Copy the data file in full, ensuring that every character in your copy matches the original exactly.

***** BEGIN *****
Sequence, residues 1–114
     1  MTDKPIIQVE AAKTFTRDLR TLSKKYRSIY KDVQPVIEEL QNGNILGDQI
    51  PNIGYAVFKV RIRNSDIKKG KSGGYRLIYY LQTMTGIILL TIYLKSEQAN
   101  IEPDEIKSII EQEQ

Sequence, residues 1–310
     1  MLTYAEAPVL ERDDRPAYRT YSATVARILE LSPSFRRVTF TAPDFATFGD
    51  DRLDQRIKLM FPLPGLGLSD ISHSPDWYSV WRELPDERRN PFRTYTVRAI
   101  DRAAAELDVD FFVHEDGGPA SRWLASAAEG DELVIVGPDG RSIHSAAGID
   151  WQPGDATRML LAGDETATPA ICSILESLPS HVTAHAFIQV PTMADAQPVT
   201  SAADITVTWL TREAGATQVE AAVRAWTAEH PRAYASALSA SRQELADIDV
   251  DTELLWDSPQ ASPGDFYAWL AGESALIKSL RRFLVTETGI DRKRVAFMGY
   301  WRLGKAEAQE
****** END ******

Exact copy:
Sequence, residues 1–114
     1  MTDKPIIQVE AAKTFTRDLR TLSKKYRSIY KDVQPVIEEL QNGNILGDQI
    51  PNIGYAVFKV RIRNSDIKKG KSGGYRLIYY LQTMTGIILL TIYLKSEQAN
   101  IEPDEIKSII EQEQ

Sequence, residues 1–310
     1  MLTYAEAPVL ERDDRPAYRT YSATVARILE LSPSFRRVTF TAPDFATFGD
    51  DRLDQRIKLM FPLPGLGLSD ISHSPDWYSV WRELPDERRN PFRTYTVRAI
   101  DRAAAELDVD FFVHEDGGPA SRWLASAAEG DELVIVGPDG RSIHSAAGID
   151  WQPGDATRML LAGDETATPA ICSILESLPS HVTAHAFIQV PTMADAQPVT
   201  SAADITVTWL TREAGATQVE AAVRAWTAEH PRAYASALSA SRQELADIDV
   251  DTELLWDSPQ ASPGDFYAWL AGESALIKSL RRFLVTETGI DRKRVAFMGY
   301  WRLGKAEAQE